The method according to the present invention is advantageous insofar as, due to the fact that vertical mechanical and electrical connections are realized between the upper and the lower substrate by means of a suitable bonding method, it is not necessary to apply any separate layer, such as a polyimide layer, for mechanically connecting the upper and the lower substrate. It follows that, in contrast to the prior art, the step of levelling this connection layer with the solder system, which proved to be difficult in practice, can also be dispensed with in the case of the method according to the present invention. If the mechanical connection layer and the solder system have not been levelled correctly, it may happen that the solder systems of the upper substrate and of the lower substrate are not in sufficient contact with one another so that no reliable electric connection will be established between the upper and lower substrates. The use of a mechanical connection layer is also disadvantageous insofar as the mechanical and the electrical connection material have different thermal properties. When two substrates are joined with an increase in temperature, one material will already be soft, whereas the other material will still be solid. This makes the process of joining even more complicated.
The bonding method used in accordance with the present invention can be executed e.g. according to a classic soft-soldering process or according to a low-temperature soldering process, which is based on the “solid-liquid interdiffusion” of two metals and which permits the formation of connections which are stable up to a temperature that is much higher than the bonding temperature. It follows that, during bonding, a eutectic alloy will form whose melting point after the joining process will be higher than the melting points of the individual components prior to the joining process. Hence a connection is formed, which is irreversible insofar as it is stable with respect to the conditions under which it has been established previously. Examples for combinations of metals which can be used for electrical and mechanical connections according to the present invention are copper and tin or gold and titanium for the respective front and back contacts.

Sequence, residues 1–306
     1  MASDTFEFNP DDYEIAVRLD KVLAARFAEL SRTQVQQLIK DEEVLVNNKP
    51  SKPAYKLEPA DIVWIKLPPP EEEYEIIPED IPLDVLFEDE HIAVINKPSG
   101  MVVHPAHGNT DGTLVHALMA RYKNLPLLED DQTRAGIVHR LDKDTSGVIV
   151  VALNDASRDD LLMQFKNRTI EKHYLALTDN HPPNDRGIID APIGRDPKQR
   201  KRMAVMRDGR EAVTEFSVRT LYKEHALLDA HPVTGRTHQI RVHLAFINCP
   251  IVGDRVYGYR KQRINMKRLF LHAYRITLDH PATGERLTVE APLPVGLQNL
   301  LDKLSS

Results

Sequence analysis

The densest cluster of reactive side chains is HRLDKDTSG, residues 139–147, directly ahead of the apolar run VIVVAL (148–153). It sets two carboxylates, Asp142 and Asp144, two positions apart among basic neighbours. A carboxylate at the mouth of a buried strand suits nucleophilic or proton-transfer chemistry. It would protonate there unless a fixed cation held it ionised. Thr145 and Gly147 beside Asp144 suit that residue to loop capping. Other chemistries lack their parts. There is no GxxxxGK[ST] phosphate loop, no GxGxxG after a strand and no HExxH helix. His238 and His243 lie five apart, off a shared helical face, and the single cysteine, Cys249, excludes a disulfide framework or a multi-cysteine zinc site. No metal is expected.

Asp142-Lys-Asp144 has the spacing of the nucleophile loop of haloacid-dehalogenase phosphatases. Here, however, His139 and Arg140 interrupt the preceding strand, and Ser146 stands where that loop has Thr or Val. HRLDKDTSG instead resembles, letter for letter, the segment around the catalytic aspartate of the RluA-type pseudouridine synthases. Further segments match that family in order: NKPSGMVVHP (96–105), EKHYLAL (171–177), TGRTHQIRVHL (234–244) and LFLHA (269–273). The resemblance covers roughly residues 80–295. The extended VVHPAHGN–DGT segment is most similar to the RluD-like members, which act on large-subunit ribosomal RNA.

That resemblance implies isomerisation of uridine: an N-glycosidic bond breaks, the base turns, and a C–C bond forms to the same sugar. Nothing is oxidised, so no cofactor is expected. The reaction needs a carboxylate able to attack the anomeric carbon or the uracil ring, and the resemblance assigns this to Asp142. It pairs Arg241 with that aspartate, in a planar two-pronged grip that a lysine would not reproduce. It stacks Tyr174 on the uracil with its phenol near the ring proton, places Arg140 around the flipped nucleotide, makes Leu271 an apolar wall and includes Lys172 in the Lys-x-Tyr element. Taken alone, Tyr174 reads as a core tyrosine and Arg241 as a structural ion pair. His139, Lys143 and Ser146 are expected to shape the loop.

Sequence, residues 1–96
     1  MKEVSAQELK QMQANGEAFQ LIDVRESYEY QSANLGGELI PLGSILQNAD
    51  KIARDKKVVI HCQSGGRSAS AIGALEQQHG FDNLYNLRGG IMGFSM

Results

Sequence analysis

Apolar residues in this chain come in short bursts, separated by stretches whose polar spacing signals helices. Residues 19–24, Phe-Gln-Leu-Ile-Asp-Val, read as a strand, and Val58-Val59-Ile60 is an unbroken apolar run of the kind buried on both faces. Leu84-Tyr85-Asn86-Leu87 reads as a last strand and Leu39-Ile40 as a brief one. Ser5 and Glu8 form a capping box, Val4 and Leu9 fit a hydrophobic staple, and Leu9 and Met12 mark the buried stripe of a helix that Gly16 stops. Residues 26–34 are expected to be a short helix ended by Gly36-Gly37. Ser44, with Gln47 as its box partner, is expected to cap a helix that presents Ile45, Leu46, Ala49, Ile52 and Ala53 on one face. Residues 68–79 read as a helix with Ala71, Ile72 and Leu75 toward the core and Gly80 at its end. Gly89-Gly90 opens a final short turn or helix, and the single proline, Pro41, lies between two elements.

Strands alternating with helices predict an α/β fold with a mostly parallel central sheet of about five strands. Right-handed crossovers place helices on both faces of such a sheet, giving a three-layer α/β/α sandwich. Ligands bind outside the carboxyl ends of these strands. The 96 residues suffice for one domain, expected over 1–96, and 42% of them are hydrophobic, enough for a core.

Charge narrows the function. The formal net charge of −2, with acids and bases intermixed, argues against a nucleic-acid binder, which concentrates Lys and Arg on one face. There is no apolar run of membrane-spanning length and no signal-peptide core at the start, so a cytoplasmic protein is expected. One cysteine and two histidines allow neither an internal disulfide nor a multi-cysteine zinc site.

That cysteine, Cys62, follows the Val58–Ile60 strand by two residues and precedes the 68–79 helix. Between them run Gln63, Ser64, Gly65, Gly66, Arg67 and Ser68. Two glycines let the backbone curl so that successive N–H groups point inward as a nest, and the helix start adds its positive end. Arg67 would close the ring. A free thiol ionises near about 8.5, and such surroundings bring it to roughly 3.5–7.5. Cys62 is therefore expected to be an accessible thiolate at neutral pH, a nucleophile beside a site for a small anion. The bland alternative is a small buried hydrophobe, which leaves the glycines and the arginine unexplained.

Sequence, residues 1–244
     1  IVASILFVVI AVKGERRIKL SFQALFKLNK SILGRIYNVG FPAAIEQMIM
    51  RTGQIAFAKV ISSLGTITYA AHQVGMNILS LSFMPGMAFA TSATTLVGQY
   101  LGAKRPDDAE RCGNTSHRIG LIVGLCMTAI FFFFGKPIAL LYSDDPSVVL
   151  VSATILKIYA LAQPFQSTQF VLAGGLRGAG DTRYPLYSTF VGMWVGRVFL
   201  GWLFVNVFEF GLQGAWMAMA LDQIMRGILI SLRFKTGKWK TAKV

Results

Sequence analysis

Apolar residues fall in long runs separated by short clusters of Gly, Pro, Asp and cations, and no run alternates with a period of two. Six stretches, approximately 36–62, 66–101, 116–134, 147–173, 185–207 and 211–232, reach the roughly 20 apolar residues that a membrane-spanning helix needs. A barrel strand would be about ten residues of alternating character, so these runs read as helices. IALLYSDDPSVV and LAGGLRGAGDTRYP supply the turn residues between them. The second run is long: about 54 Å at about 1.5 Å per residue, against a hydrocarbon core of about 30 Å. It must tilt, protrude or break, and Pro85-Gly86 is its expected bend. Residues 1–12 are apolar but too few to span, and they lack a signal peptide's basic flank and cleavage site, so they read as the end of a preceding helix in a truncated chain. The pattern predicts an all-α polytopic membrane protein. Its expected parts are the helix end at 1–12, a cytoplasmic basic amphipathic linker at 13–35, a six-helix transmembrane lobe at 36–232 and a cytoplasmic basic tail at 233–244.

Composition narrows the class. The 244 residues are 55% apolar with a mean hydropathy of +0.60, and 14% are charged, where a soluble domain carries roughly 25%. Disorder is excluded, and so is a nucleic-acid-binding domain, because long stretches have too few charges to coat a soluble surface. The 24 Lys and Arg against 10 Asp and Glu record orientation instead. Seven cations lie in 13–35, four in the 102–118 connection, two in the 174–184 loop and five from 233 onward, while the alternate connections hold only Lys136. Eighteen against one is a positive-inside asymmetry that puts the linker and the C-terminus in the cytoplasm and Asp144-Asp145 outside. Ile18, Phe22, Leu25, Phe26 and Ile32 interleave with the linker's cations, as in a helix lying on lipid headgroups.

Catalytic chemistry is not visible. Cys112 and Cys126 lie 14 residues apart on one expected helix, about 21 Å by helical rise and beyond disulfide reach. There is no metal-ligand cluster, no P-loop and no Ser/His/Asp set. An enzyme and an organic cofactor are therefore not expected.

According to the present invention, also a further component layer can be applied chipwise in the same way, without rendering the previously applied component layers instable. In so doing, the hitherto formed stack of components and the associated substrate serve as a new lower substrate. Hence, the number of planes is not limited in the case of this method. In addition, it is possible to apply not only an individual plane but also a sub-stack, such as an individual chip, which already comprises a plurality of planes.
It goes without saying that the present invention also offers the possibility of using the above-mentioned solder system only as an adhesive at certain locations, i.e. that the contacts established thereby are only mechanical but not electrical contacts.
Suitable substrates are monocrystalline silicon substrates, SOI substrates or substrates of different technological families, such as e.g. III-V-semiconductors.
In the following, preferred embodiments of the present invention will be explained in detail making reference to the drawings enclosed, in which:
FIGS. 1a to 1 d show exemplarily a processing sequence for the upper substrate;
FIGS. 2a and 2 b illustrate exemplarily how the upper and the lower substrate are joined;
FIG. 3 shows the joined stack comprising the upper and the lower substrate; and
FIG. 4 shows the joined stack comprising the upper and the lower substrate, after the removal of the auxiliary substrate.